If you care about the rights of religious minorities and immigrants, then you should be concerned about President Donald Trump’s nomination of Brett Kavanaugh to the U.S. Supreme Court. Kavanaugh’s record indicates that he’s hostile toward church-state separation, and that hostility could have a huge impact on religious minorities, particularly immigrants.
Before he worked in the George W. Bush White House and before Bush appointed him to the U.S. Circuit Court of Appeals for the District of Columbia, Kavanaugh was a private attorney who filed some friend-of-the-court briefs that made troubling arguments about church-state separation and religious freedom.
In one case, Santa Fe Independent School District v. Doe, Kavanaugh wrote in support of a Texas public school district that broadcast student-delivered prayers at its football games. The Supreme Court – with Justice Anthony Kennedy in the majority – deemed the prayer practice unconstitutional.
In that brief, Kavanaugh implied that practices “deeply rooted in our history and tradition” should be permitted even if they “favor or promote religion over non-religion.” In other words, he indicated that he may elevate the interests of people who practice mainstream faiths – particularly Christianity – at the expense of people who are religious minorities or who are nonreligious.
Writing in The Washington Post, University of Texas law professor Stephen I. Vladeck noted that Kavanaugh has shown more deference to presidential powers in some contexts than Kennedy, meaning that Kavanaugh could shift the balance of power on the court.
As a federal judge, Kavanaugh has shown reluctance to extend constitutional rights to immigrants and has been “excessively deferential” to the president’s power in national security contexts. These views have been on display in cases arising from the detention or prosecution of noncitizens detained as “enemy combatants” at Guantanamo Bay and in last year’s Garza v. Hargan case involving “Jane Doe,” an undocumented immigrant teenager whom the government tried to block from getting an abortion while she was in federal custody.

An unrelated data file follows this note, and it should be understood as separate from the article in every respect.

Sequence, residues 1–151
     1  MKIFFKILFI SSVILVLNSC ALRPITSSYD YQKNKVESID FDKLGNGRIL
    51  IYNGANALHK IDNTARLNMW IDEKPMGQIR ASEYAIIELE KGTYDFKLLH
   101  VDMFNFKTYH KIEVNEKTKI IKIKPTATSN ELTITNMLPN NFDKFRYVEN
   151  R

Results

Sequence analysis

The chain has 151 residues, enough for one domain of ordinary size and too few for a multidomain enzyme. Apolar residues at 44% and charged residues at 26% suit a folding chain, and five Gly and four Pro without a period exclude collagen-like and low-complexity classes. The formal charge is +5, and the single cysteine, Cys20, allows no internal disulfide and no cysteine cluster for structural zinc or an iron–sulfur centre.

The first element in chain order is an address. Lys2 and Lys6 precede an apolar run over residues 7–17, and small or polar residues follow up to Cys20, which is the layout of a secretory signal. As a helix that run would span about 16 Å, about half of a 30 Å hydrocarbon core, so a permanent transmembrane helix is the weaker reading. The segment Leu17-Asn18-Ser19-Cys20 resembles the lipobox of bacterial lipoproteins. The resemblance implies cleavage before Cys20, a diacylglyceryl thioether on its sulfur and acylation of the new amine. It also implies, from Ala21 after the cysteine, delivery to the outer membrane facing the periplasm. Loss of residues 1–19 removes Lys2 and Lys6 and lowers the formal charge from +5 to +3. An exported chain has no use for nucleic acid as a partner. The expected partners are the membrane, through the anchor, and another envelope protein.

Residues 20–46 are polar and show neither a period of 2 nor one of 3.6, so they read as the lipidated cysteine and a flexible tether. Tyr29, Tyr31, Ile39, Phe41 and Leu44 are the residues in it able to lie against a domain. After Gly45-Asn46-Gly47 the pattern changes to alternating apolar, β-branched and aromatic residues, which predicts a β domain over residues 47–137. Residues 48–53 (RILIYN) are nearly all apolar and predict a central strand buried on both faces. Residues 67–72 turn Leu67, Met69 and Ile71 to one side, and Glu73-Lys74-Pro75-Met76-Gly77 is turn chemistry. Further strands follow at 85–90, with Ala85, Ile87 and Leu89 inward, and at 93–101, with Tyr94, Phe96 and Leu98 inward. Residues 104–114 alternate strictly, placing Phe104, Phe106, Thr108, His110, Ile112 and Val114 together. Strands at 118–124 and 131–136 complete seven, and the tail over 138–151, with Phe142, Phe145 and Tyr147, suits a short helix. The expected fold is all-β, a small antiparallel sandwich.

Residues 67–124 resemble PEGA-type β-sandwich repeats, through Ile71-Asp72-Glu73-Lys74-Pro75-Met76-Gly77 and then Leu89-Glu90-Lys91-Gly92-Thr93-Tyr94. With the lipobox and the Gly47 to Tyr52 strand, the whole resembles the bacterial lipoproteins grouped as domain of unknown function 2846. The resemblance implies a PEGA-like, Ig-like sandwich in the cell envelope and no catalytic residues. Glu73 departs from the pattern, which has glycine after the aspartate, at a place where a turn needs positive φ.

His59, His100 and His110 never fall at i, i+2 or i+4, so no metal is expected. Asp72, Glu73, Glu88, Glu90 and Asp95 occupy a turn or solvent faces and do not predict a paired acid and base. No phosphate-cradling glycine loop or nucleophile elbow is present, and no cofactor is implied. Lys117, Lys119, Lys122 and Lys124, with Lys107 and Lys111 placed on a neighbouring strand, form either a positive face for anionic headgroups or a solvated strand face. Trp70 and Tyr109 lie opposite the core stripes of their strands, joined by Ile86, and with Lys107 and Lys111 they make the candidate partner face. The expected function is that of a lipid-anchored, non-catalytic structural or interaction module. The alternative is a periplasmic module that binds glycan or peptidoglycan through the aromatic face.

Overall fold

These views are particularly worrisome coming from a man who could sit on the high court while the White House is occupied by a president who has tried to use unsubstantiated claims of national security to screen his anti-Muslim bias. Citing presidential authority in national security matters, the Supreme Court in June ignored Trump’s anti-Muslim rhetoric and allowed his Muslim ban to remain in place for now. But litigation surrounding the ban continues – including three distinct legal challenges Americans United is involved in regarding the ban, the documentation that Trump officials claim justifies it and the process to acquire waivers from it.
Any of these challenges could end up back at the Supreme Court, or (I shudder to say it) Trump could launch new assaults on the religious freedom of Muslims or other religious minorities. Kavanaugh on the Supreme Court would make an uphill climb for justice that much steeper.
People are already being harmed by Trump’s cruel immigration policies – how much more damage could his administration do with Kavanaugh on the court to rubber stamp his dictates?
This is just one of the many areas in which Kavanaugh has demonstrated he is wrong on church-state separation and wrong for the U.S. Supreme Court. We’ve outlined several other areas of concern – including LGBTQ rights, reproductive justice and public education.
The Senate Judiciary Committee is pushing ahead with Kavanaugh’s confirmation hearings starting on Sept. 4, despite the lack of requested documents about Kavanaugh’s record in the Bush White House. Now is the time to act! Help us stop Kavanaugh by urging your senators to reject his confirmation. Religious freedom and church-state separation are on the line.